In a story about “dozens” of “educators” planning to run for the Oklahoma Legislature, News 9 highlighted a new political action committee (PAC) supporting the candidates and linked to the PAC’s fundraising apparatus in the story’s online version.
“Learn more about how you can contribute,” the link noted.
The ethics of making such a link and statement as a news organization are questionable at best, and it’s the sort of shortsighted editorial decision that leads the public — and the Republican party’s conservative base, in particular — to scream “bias” and chastise a purported “liberal media.”
If you’re not a journalist yourself, you might be wondering what’s wrong with highlighting a PAC and linking to a mechanism by which the public can donate to it. Without having to compress semesters of journalism ethics into one post, we can simply focus on the concepts of consistency and fairness.
If News 9 is going to link to the Oklahoma Parents and Educators for Public Education PAC, the organization must also mention and link to any other PAC related to other campaign stories it runs. But no journalistic organization in its right mind would commit to that sort of standard because it would disrupt stories, take up valuable time and imply repeatedly that the organization is promoting an ideology.
As a result, news organizations should typically avoid promoting PACs, even if (amusingly) the fundraising site they use is offline, as this one was all Sunday.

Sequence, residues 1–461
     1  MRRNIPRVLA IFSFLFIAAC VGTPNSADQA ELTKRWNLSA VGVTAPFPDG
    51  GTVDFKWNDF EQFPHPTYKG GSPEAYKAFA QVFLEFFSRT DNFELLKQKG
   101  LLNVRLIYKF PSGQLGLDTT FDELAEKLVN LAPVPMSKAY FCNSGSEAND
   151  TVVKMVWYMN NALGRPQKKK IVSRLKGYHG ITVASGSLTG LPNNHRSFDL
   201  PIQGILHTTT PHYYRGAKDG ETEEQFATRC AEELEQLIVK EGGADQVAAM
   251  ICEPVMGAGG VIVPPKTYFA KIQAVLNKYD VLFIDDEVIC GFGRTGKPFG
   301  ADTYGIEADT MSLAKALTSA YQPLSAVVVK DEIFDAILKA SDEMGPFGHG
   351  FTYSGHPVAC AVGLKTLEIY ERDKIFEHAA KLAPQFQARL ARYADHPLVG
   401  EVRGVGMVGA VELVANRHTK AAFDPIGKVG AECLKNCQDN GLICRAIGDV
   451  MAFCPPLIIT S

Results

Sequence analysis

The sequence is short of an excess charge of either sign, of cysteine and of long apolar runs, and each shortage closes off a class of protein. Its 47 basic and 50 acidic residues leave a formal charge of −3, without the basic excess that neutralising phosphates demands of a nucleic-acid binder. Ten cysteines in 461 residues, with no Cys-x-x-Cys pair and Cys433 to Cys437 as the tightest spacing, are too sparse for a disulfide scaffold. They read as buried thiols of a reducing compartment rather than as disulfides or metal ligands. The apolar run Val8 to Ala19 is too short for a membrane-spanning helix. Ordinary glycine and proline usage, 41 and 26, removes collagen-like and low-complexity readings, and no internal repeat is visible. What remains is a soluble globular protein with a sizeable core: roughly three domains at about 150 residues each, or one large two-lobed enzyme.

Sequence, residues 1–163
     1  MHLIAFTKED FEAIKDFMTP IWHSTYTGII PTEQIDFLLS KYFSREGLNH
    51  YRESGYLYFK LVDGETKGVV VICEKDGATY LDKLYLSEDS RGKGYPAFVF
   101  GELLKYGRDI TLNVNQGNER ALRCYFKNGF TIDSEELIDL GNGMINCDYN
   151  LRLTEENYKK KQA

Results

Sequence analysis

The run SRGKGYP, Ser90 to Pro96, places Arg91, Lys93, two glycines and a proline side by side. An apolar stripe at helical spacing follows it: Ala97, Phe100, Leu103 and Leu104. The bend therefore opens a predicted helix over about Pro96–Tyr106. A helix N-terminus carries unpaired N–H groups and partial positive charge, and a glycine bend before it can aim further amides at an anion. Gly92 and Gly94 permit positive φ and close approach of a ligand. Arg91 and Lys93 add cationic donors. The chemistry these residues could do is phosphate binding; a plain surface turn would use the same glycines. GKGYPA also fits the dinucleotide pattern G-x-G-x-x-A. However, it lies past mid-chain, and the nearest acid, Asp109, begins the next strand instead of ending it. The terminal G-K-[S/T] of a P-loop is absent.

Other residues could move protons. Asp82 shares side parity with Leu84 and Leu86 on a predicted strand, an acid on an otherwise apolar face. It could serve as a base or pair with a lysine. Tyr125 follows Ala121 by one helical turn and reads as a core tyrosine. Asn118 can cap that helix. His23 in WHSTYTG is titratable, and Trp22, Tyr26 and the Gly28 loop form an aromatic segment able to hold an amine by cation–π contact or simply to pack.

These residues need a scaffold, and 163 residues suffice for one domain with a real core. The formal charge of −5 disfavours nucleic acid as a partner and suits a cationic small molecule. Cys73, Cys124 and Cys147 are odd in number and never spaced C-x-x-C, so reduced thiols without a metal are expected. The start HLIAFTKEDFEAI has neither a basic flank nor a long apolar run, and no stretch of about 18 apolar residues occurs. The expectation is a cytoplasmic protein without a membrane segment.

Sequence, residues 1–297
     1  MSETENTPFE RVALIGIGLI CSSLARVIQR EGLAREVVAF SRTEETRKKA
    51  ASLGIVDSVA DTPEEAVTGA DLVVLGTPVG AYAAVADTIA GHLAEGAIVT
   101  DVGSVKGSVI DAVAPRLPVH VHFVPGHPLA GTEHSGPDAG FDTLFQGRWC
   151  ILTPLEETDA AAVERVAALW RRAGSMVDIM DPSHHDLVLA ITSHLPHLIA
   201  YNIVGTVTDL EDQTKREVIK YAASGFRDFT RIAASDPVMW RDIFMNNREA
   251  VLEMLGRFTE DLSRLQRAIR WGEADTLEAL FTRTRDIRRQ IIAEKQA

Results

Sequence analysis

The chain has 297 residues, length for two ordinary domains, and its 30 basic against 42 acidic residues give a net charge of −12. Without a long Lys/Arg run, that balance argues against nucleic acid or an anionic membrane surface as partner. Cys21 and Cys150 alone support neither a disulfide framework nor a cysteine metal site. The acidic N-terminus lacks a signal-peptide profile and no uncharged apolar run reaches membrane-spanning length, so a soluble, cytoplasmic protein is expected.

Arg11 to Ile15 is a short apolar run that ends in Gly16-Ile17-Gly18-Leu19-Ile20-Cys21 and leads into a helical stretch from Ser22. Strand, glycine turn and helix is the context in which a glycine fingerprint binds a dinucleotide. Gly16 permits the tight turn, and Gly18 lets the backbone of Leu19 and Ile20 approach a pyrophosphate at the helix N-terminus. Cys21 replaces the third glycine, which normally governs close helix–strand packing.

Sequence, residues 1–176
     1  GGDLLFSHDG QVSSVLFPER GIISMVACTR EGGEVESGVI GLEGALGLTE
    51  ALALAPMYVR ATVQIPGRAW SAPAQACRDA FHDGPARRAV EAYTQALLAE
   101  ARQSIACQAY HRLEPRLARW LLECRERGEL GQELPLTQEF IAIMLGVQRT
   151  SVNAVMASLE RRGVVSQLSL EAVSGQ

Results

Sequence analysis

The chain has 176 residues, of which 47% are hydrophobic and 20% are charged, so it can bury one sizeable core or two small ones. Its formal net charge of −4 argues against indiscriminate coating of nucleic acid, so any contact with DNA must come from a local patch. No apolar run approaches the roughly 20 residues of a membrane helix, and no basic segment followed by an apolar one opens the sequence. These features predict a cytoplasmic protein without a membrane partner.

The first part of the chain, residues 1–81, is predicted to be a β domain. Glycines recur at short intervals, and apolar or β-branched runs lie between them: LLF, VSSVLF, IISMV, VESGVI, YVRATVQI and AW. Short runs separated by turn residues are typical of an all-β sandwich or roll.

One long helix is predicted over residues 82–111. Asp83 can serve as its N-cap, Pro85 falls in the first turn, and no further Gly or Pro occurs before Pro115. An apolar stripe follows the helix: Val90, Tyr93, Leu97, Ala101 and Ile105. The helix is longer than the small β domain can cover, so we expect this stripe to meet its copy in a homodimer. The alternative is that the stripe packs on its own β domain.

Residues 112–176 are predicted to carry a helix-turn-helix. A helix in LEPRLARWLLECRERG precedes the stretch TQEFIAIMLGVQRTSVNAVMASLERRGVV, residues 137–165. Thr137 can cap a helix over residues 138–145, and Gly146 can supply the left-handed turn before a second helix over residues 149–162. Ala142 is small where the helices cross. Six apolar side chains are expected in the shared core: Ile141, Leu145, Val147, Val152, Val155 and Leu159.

To do otherwise invites enormous criticism. Consider some other potential scenarios that don’t have the supposedly positive connotations of teachers running for office.
How would readers react, for instance, to promotion of a PAC that supports candidates in favor of expanded highway and turnpike funding?
What about a PAC supporting candidates who favor the oil and gas industry?
What about a PAC backing Tea Party candidates?
In each of those scenarios, a variety of readers would surely criticize News 9 for promoting a specific special-interest advocacy effort.
Linking the public to a way they can donate to a PAC supporting education advocates is no different.
It’s a poor editorial decision for a news organization.
Things we saw (and heard)
Plan for Antonin Scalia School of Law is tweaked over unfortunate acronym — NPR.org
The disturbing reason some African American patients may be undertreated for pain — Washington Post
The ‘radical’ legacy of television’s Mister Rogers — Pittsburgh Post-Gazette
After seven long years, there’s a new answering machine tape on Homestar Runner — Slate.com
Anxiety, mistrust greet KIPP expansion bid — The Oklahoman
Quotes to note
I’m saying it now. I’ll vote for this kid one day.
— tweet from OU wide-receivers coach Dennis Simmons about walk-on Najee Bissoon, a member of the Oklahoma Intercollegiate Legislature, as reported by NewsOK.com, 4/4/16
I haven’t been much places in this world. I honestly didn’t know what a white supremacist was at the time.
— Ryan Schock, who presided as mayor of a rural North Dakota town that a white supremacist attempted to take over, as quoted in the documentary Welcome to Leith, aired by PBS, 4/4/16
This government has done more than any other to take action against corruption in all its forms, but we will go further.
— UK Prime Minister David Cameron, in an advance excerpt of an address he will deliver Monday in the wake of the release of the Panama Papers, 4/10/16
When 20 percent of your student population is somehow qualified for special education, that requires a lot of attention beyond just teachers to make sure those needs are addressed.
— speech language pathologist and special education coordinator Marce Hotz, regarding an increase in aides and support staff for public schools, 4/10/16
Highlights from NonDoc
High-stakes standardized testing was ‘a mistake’ by John Thompson
‘Anything can happen’ at Oklahoma Songwriters Festival by William W. Savage III
WTF v. FTW: Modernization meets reality by Josh McBee